Structural-Based Computational Model of Tendon-to-Bone Insertion

Minisymposium: Computational Bioengineering and Biomedicine
Presenting Author: Sergey Kuznetsov*
Other Author(s): Hsiao-Ying Shadow Huang
Time/Location: July 18, 2017 @ 3:10 p.m.-3:30 p.m. in 514C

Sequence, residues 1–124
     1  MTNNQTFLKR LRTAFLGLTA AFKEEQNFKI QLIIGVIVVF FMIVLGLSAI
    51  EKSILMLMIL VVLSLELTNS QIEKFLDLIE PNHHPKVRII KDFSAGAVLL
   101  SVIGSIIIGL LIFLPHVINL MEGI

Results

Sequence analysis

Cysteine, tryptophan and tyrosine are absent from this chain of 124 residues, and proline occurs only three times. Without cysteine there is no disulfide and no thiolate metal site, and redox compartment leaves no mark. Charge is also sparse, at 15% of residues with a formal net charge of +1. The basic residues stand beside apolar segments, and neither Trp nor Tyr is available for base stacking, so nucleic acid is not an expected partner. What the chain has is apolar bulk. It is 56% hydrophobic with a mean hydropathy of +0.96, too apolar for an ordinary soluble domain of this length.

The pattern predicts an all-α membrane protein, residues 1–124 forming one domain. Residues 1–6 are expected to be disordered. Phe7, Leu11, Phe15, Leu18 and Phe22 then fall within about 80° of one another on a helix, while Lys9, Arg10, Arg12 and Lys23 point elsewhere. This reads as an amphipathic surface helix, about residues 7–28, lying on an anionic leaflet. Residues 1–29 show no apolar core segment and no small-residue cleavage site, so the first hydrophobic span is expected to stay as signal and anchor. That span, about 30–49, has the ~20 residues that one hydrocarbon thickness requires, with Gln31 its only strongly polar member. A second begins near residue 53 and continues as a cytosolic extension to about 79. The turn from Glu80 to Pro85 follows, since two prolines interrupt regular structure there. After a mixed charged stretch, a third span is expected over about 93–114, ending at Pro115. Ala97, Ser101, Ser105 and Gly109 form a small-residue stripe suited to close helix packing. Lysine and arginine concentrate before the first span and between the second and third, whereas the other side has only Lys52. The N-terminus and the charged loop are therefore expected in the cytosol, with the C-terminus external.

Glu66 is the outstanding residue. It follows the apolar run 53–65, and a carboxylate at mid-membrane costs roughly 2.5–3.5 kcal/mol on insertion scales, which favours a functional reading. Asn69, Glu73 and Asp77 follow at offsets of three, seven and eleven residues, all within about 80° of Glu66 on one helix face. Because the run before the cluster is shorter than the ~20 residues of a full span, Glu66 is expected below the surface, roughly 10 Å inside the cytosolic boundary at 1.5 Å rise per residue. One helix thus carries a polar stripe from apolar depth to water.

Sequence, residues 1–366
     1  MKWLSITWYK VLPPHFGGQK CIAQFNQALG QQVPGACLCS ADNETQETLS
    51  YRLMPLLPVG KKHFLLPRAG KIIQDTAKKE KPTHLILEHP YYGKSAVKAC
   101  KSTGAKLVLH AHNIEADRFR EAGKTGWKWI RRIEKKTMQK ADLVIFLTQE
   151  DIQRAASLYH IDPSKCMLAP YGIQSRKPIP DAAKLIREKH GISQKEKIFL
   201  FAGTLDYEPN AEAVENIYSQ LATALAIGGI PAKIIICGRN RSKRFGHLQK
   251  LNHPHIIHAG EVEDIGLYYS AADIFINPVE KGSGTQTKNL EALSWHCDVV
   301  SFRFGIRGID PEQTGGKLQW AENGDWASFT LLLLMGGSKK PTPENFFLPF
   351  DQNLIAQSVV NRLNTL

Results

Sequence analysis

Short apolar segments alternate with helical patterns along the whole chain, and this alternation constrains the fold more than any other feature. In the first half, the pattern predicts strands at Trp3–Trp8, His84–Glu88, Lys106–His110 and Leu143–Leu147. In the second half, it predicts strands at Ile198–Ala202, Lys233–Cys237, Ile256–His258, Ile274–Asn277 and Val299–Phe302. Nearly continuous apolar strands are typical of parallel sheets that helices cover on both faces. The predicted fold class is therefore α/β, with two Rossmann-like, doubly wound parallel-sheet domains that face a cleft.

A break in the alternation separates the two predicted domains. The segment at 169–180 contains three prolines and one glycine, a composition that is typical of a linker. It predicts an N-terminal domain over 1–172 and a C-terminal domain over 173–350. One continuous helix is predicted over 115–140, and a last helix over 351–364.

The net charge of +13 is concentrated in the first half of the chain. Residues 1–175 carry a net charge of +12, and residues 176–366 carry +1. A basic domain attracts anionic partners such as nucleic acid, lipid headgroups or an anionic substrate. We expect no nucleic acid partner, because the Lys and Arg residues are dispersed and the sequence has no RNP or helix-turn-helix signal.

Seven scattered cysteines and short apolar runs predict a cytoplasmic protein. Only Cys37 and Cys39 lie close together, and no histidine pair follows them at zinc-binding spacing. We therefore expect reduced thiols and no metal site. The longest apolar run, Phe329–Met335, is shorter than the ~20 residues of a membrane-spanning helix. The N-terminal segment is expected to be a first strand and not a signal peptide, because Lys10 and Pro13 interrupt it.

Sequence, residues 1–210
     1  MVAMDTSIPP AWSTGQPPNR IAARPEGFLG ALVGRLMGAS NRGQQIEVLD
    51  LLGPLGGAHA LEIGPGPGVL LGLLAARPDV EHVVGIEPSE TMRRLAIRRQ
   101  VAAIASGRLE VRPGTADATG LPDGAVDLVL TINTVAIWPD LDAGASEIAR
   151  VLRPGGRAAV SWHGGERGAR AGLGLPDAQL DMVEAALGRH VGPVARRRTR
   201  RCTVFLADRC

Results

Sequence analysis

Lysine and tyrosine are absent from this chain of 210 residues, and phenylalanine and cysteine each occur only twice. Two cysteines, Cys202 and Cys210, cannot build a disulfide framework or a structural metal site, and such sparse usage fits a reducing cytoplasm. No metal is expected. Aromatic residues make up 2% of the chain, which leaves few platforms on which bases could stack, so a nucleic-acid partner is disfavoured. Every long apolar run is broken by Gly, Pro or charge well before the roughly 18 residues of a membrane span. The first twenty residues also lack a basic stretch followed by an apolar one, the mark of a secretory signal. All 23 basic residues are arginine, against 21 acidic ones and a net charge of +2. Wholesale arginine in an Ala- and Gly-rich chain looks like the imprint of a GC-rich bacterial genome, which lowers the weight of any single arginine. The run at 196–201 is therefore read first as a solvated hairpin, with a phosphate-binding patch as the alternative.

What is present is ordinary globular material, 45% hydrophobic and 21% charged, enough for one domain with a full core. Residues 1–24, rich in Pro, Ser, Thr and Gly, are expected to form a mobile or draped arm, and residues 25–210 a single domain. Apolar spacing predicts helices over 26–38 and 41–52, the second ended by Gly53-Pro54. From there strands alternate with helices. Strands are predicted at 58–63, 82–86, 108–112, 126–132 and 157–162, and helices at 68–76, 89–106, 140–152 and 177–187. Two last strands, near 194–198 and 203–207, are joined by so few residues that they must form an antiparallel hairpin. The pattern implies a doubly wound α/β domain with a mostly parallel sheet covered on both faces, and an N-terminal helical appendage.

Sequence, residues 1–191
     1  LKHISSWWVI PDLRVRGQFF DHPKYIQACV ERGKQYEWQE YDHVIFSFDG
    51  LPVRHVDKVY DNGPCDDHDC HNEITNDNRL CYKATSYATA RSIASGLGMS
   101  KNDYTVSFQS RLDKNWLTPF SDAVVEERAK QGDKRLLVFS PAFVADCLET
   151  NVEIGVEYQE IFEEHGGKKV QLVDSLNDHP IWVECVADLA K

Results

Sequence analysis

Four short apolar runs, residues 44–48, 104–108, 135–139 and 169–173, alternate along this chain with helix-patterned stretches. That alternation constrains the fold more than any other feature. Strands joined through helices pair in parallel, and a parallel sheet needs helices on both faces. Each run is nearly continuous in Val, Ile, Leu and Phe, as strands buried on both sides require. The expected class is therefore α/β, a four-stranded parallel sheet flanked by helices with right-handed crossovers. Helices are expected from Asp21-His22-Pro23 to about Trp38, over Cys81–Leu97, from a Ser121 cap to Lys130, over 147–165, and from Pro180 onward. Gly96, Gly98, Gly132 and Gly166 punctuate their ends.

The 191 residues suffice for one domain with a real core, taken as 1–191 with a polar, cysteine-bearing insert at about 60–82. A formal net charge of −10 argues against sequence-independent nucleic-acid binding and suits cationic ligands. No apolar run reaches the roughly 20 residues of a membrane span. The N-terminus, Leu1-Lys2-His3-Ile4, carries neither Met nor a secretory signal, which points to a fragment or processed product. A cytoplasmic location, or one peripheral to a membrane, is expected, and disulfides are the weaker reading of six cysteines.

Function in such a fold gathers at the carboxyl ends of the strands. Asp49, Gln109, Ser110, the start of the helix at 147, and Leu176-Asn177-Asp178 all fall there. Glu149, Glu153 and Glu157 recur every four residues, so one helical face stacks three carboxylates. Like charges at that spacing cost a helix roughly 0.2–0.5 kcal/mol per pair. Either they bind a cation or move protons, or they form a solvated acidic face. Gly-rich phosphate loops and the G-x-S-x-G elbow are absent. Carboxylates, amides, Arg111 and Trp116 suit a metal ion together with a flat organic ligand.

Text: Tendon-to-bone insertions are functionally-graded connective tissues whose anisotropic biomechanical functions depend intimately on the regional biochemical composition and structure [1]. The insertion site provides a gradual transition from soft tendon tissue to hard bone tissue, functioning to alleviate stress concentration at the junction of these tissues [2]. Specifically, dense and highly aligned collagen fibers are characteristic of the tendon side of the junction, and a high density of the mineral hydroxyapatite with randomly distributed collagen fibers is characteristic at the bone side. Inhomogeneity and discontinuities in tissue-level properties at the insertion site manifest in the unique, stress concentration-reducing material behavior at the macro-scale. To better understand how tendon-to-bone insertion performs its function, we developed a computational model of tendon-to-bone insertion implemented in commercial finite element software ABAQUS. We adopted linear elastic and nonlinear anisotropic Gasser-Ogden-Holzapfel model [3] to incorporate collagen fiber dispersion and mineralization concentration. We started with a simplified geometry of tendon-to-bone insertion [2]. A python script was developed to alter the tapered tendon-bone transition zone and to provide spatial grading of material properties, which may be rather complex as experiments suggest. A simple linear interpolation between tendon and bone material properties was first used to describe the graded property within the insertion region. Stress distributions are obtained and compared for spatially graded and various piece-wise materials properties. It was observed that spatial grading results in more smooth stress distributions and significantly reduces maximum stresses. The geometry of the tissue model could be optimized by minimizing the peak stress to mimic in-vivo tissue remodeling. The in-silico elastic models constructed in this work are verified and modified by comparing to our in-situ biaxial mechanical testing results, thereby serving as translational tools for accurately predicting the material behavior of the tendon-to-bone insertions. This model will be useful for understanding how tendon-to-bone insertion functions and may be also useful to planning surgical interventions and developing orthopedic implants. References: [1] G. M. Genin et al, Functional Grading of Mineral and Collagen in the Attachment of Tendon to Bone(2009), Biophysical Journal, Vol.97, 976-986. [2] Y. Liu et al, Mechanisms of Bimaterial Attachment at the Interface of Tendon to Bone(2011), J. Eng. Mater. Technol., Vol.133. [3] T. C. Gasser et al, Hyperelastic Modeling of Arterial Layers with Distributed Collagen Fibre Orientations(2006), J. R. Soc. Interface, Vol.3, 15-35.